The Mainz-based company Biontech develops individualized cancer drugs. The company also collects billions of dollars via the US technology exchange Nasdaq. The prospects for the German biotech industry as a whole are less golden for experts.
“An der Goldgrube 12″ is the address of Biontech in Mainz. What was created on a small scale years ago is now considered a beacon for the German biotech industry. The company, co-founded by the oncologist Ugur Sahin, develops individualized cancer drugs. Investors believe in a golden future – Biontech raised over $ 1.4 billion through financing rounds, cooperation’s with pharmaceutical companies and the move to the US technology exchange Nasdaq in October. However, experts rate the prospects for the German biotech industry as a whole as less golden.”We don’t just want to develop individual drugs, we have a completely new approach,” says Sahin, who was awarded the German Cancer Prize in 2019. “Our goal is to develop individualized therapies that are tailored to the cancer of each individual patient.” So far, it has been common practice to restrict a patient’s tumor diagnosis to individual characteristics and to derive therapy decisions from this. Individual peculiarities of the disease would only be roughly recorded. Biontech relies on “next generation sequencing”, a technology that can detect the analysis of billions of genetic traits in human genetic material and changes in cancer – something completely new.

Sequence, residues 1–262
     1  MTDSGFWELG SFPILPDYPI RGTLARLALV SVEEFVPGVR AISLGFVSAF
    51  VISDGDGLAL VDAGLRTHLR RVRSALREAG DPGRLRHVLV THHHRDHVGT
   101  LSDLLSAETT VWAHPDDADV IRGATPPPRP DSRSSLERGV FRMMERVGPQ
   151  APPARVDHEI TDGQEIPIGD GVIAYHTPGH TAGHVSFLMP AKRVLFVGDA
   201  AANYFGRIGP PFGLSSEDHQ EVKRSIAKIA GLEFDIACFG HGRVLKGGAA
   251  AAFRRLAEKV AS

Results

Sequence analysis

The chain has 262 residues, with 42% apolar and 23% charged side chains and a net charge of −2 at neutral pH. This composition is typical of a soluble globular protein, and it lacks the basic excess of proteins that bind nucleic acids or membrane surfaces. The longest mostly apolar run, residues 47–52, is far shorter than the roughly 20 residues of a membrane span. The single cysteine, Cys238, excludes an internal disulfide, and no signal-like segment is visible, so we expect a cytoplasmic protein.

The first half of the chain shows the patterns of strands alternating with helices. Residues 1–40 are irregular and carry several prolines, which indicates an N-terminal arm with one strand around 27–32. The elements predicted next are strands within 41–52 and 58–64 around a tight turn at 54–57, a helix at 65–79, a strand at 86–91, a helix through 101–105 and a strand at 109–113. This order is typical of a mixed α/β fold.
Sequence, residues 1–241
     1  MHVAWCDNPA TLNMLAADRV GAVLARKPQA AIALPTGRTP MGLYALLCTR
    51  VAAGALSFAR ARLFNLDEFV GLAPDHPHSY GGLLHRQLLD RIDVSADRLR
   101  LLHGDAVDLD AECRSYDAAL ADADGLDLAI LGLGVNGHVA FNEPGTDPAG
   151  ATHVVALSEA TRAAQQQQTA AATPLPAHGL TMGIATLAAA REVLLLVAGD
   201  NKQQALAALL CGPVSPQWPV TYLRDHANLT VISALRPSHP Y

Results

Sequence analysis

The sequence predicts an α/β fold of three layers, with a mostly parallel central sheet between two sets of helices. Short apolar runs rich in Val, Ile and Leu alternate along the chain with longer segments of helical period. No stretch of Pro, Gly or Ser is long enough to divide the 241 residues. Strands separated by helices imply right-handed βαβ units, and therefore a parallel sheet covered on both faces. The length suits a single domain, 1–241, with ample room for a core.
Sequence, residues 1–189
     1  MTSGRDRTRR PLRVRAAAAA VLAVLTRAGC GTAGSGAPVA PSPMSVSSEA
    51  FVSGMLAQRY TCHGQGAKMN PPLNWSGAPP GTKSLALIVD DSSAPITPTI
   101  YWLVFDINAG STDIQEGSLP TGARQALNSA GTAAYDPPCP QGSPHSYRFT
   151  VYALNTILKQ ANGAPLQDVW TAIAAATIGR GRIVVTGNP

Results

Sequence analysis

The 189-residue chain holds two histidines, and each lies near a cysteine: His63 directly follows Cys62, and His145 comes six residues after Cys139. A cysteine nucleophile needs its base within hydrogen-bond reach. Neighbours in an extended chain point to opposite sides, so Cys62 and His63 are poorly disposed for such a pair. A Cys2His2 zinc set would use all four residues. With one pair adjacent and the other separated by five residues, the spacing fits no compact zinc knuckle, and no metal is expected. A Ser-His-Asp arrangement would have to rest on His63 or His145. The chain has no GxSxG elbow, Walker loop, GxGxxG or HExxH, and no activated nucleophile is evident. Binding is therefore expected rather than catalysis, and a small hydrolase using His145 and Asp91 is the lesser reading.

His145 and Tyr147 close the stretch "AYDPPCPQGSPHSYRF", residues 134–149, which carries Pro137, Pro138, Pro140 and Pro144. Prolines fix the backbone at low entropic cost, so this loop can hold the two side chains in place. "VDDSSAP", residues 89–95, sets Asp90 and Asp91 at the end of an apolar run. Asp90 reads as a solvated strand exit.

“You can compare that to Tesla,” says Sahin. The entire innovation chain, including the production of large quantities, had to be set up. Only that the level of individualization is much higher at Biontech. If that works, it will bring an enormous advantage over competitors. Biontech is currently treating patients with late-stage cancer where the disease is rarely curable. But the trend is that even the smallest metastases will be diagnosed earlier with blood tests.
Siegfried Bialojan, biotech expert at the consulting firm EY, sees Biontech alongside Qiagen, Evotec or Morphosys as a “beacon” for the German biotech industry. But these lighthouses are not very representative of the segment as a whole. Broadly, the industry falls far behind, even though the potential in this country is “huge” given the strong research landscape. “Little happens there against the background,” criticizes Bialojan. Despite research funding billions, little added value comes out.